QUT researchers will play a key part in developing smart logistics to link growers with their markets and high-tech methods of growing customised food, with the announcement of the Future Food Systems Cooperative Research Centre.
QUT's robotic harvester Harvey is a model of the future of automated farming.
The Future Food Systems CRC will involve more than 50 commercial and research partners, with the Federal Government injecting $35 million in funding over 10 years along with almost $150 million in support from the research centre’s educational and commercial participants.
QUT’s involvement in the CRC is spread across the centre’s three research and development programs of planning and logistics in linking growers to their markets, developing smart automated indoor cropping and creating nutrient-dense foods and hybrid food and medical goods tailored to growing domestic and export markets.
Professor Doug Baker will lead the research program into logistics and urban design that will identify planning policy, design and infrastructure for integrating high-tech growing and processing facilities, particularly around transport hubs and in regional centres.
“It’s about being smarter with agriculture and infrastructure, and integrating technology and robotics into that,” Professor Baker said.
“Working with local and state governments and our logistics partners, our planning templates and freight modelling tools will assist food hubs around Australia as they develop sustainable production and supply solutions.”
Professor Baker said an example of a future food system was greenhouses with automated vertical farming used to grow crops on or near airports or port areas, so that the crops could be shipped straight to their markers.
The CRC will look at food hubs around Australia including the new Western Sydney International (Nancy-Bird Walton) Airport, which will have a surrounding cluster of intensive agribusinesses creating high-value products for target markets in Asia.
Professor Sagadevan Mundree will lead a foundation project with the CRC.
Professor Sagadevan Mundree, Director of QUT’s Centre for Tropical Crops and Biocommodities, and Dr Chris Lehnert, a robotics researcher with the Australian Centre for Robotic Vision headquartered at QUT, will also lead foundation projects with the CRC.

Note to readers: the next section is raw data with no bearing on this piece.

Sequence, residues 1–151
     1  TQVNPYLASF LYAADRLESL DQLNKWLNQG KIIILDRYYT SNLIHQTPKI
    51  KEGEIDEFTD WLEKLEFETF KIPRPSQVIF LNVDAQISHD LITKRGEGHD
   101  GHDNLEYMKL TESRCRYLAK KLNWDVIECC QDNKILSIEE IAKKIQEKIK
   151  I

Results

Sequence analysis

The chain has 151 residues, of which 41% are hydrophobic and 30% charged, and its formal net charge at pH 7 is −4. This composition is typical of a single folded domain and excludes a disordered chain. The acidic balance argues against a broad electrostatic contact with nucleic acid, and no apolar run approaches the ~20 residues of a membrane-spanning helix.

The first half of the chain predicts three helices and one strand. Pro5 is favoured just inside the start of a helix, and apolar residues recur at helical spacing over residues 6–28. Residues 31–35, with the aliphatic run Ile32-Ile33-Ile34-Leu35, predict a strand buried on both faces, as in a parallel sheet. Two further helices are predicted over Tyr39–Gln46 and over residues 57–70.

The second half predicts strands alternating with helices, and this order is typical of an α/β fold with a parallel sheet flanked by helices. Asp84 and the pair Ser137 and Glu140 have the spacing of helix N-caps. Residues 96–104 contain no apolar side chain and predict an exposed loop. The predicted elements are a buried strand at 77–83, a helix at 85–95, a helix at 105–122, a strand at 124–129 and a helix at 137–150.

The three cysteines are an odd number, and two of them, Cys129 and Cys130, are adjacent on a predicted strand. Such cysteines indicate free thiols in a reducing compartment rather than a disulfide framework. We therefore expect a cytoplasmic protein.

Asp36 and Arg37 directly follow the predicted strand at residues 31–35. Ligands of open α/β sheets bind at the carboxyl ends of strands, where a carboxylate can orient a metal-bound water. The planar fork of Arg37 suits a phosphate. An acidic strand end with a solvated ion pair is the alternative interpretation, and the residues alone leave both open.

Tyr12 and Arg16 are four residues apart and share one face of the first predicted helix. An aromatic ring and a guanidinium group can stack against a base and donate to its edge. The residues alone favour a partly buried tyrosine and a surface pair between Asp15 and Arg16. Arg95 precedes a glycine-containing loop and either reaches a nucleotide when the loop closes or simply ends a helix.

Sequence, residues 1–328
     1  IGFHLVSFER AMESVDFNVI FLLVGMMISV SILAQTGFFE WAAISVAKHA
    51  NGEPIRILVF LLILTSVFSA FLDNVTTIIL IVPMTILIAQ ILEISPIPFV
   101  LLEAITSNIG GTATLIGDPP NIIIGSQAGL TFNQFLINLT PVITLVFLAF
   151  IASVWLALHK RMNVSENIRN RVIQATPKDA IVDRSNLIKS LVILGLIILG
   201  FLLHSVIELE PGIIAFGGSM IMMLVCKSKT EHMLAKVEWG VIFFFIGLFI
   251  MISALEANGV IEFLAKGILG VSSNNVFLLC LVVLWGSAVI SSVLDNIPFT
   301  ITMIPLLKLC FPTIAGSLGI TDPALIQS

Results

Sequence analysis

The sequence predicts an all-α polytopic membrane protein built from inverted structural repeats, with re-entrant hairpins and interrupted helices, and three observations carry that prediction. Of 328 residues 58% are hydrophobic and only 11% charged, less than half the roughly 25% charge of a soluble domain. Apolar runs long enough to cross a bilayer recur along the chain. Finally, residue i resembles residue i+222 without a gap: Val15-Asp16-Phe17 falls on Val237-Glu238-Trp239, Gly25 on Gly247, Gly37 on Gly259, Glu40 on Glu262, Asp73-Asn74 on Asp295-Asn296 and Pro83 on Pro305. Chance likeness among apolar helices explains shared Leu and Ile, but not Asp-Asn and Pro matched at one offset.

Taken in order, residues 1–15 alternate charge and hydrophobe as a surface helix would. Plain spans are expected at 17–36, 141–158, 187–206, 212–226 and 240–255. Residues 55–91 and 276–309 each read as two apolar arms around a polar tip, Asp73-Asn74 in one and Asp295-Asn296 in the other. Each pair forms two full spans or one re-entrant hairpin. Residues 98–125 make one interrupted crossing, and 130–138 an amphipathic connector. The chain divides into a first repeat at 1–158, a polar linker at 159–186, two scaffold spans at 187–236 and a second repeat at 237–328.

Professor Mundree said the researchers would be using smart agricultural technologies to develop enhanced-proteins foods and develop scientifically-based tools and methods to create unique Australian-made premium food goods for domestic and export markets.
Professor Mundree will be working with a range of commercial partners including partners such as Greenbio Group Pty Ltd which will partner in projects in robotics and automation, optimisation and development of novel hydroponic vertical systems, and new crop varieties for vertical systems.
Dr Lehnert will be working on developing robotics and smart technology for vertical and indoor protected cropping.
“The future potential of robotics in indoor protected cropping will be their ability to intelligently sense, think and act in order to reduce production costs and maximise output value in terms of crop yield and quality,” Dr Lehnert said.
“Robotics taking action, such as autonomous harvesting within indoor protected cropping will be a game changer for growers who are struggling to reduce their production costs.”
The CRC was initiated by NSW Farmers Association on behalf of the national representative farm sector and as part of a broader industry-wide push to increase value-adding capability, product differentiation and responsiveness to consumer preferences.
Minister for Industry, Science and Technology Karen Andrews launches the CRC.
CRC Chair and National Farmers’ Federation President Fiona Simson said that sophisticated technology and stronger collaboration across the supply chain was needed for Australia to become a leader in booming export markets for trusted fresh foods and advanced precision nutrition goods.
“Our industry recognises the essential role of innovation as we enter this critical growth phase. The strong backing for this CRC across all sectors is a sign that Australian agrifood is ready to make a leap forward in export readiness and capability,” Ms Simson said.
She said that the Cooperative Research Centre model was ideal for addressing industry growth challenges that demand sustained collaboration and complex transdisciplinary research.
“The next growth phase in our industry demands strategic adoption of advanced science and technology across production, logistics, energy, water, and manufacturing.
“We have the talent in Australia to become a global leader both in future food technology and future food goods,” she said.